I supervise in the fields of BtB marketing, Digital business models, e-commerce, data-driven decision making, and talent development.
I have a master's degree in marketing and analytics from CBS in Copenhagen, a YMP from INSEAD, and a BtB specialization from LBS.
Lecturer, UCL University College, Denmark
I teach Innovation and Entrepreneuship students together with students within International Hospitality Management. Besides the more traditional topics within these two educations I am very engaged in how the students can develop transversal skills and personal characters that might help them in their future career
Associate Director for Design Innovation, Texas State University, United States of America
Experienced Designer and Educator with a demonstrated history of working in the international communication design world –
skilled in innovation + entrepreneurship, brand experiences, typography, and design thinking, with a strong focus on cross-cultural
and cross-disciplinary projects.
Integrating Talent Development Into An e-Business Bachelor Degree, Per Bergfors
This presentation explains how a soft skills training for e-commerce students of the Copenhagen Business Academy (cphbusiness) has been developed, implemented and assessed during 2020-2021.
Based on an assessment of the neurological preferred patterns of the students, we followed a path of built-in personal development where student developed individual consciousness, worked with inclusion and diversity in study groups, enhanced their individual employability profile and focused on critical thinking.
Compared to previous cohorts, we invested more thoroughly in coaching sessions. Fixed agenda topics on these session were: How did you use each other’s soft skills/talents? When have you seen them at play? How did these insights improved your learning?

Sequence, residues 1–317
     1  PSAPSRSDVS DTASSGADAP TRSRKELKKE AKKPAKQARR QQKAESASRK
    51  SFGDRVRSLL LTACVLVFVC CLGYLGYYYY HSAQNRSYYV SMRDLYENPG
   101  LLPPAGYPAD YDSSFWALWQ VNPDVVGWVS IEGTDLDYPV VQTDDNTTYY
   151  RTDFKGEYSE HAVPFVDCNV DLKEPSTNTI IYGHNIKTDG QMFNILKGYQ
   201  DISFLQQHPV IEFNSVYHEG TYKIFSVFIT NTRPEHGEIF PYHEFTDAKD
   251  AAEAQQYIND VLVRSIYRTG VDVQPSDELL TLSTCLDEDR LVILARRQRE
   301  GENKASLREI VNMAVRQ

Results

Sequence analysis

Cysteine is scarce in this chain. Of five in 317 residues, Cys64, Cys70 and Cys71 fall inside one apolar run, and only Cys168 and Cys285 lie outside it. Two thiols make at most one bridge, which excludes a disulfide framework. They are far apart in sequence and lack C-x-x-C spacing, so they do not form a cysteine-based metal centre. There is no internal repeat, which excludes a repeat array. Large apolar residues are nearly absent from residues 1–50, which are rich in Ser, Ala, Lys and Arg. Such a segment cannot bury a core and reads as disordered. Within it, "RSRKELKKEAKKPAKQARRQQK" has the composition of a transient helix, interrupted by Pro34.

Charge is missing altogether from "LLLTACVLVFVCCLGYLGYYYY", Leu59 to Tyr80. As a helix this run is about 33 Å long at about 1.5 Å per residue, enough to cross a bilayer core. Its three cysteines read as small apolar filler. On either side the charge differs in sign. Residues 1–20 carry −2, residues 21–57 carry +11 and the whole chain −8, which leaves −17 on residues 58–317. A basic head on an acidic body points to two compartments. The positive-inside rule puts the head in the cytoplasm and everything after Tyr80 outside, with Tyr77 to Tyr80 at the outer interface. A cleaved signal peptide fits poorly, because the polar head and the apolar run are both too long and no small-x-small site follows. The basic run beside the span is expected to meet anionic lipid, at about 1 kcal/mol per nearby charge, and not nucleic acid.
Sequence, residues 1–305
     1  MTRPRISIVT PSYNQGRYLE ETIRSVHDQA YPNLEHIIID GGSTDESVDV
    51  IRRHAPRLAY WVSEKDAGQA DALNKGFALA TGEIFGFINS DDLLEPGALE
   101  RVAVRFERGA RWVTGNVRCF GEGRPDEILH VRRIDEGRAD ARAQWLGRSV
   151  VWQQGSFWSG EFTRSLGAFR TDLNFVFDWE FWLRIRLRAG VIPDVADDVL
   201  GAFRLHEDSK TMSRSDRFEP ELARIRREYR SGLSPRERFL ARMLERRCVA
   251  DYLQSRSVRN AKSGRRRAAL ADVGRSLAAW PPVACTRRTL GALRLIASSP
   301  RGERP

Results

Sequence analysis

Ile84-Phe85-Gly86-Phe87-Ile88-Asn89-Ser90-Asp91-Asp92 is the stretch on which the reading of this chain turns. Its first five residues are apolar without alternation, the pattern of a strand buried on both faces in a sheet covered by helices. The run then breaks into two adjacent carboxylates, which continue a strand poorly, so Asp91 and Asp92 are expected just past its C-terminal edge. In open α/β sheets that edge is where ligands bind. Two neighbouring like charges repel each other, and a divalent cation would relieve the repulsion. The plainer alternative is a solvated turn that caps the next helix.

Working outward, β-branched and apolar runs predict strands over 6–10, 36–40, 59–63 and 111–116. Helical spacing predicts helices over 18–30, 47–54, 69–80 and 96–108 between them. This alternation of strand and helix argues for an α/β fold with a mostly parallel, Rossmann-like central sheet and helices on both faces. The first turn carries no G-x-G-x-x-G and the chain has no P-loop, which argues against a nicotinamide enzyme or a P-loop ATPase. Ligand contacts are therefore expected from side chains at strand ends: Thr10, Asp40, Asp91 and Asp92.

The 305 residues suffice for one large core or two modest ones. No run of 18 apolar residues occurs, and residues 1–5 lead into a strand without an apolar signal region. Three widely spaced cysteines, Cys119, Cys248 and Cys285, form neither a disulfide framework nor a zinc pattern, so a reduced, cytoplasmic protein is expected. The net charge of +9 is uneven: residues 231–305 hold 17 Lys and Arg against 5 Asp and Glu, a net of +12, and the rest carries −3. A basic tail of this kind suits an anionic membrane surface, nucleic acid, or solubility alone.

We compared the results with a control group of other bachelor students studying finance who were not exposed to the assessment, personal development process or coaching sessions.
At the end of the experiment, we analyzed if the additional investment resulted in a more relevant employability profile for our students.
- How to integrate talent development into your curriculum.
- How to build soft skills as an integrated part of your curriculum.
Teaching Soft Skills Online With Innovation and Entrepreneurial Students, Niels Høyer
This presentation explains how you can help students to focus on their individual entrepreneurial journey in an online setting.
During the last two years, innovation and entrepreneur students at UCL started the 1st semester with the elective course “Self Leadership: Developing your entrepreneurial mind-set”. The course has been built on Fadel’s model of meta learning (Fadel, 2015), especially on the character elements Curiosity, Resilience, Mindfulness, Courage, (self)Leadership and Ethics.
In this session I will explain how I teach these untraditional topics at BA-level, both in an online and a physical setting. I will also discuss how soft skills in general can be part of the curriculum.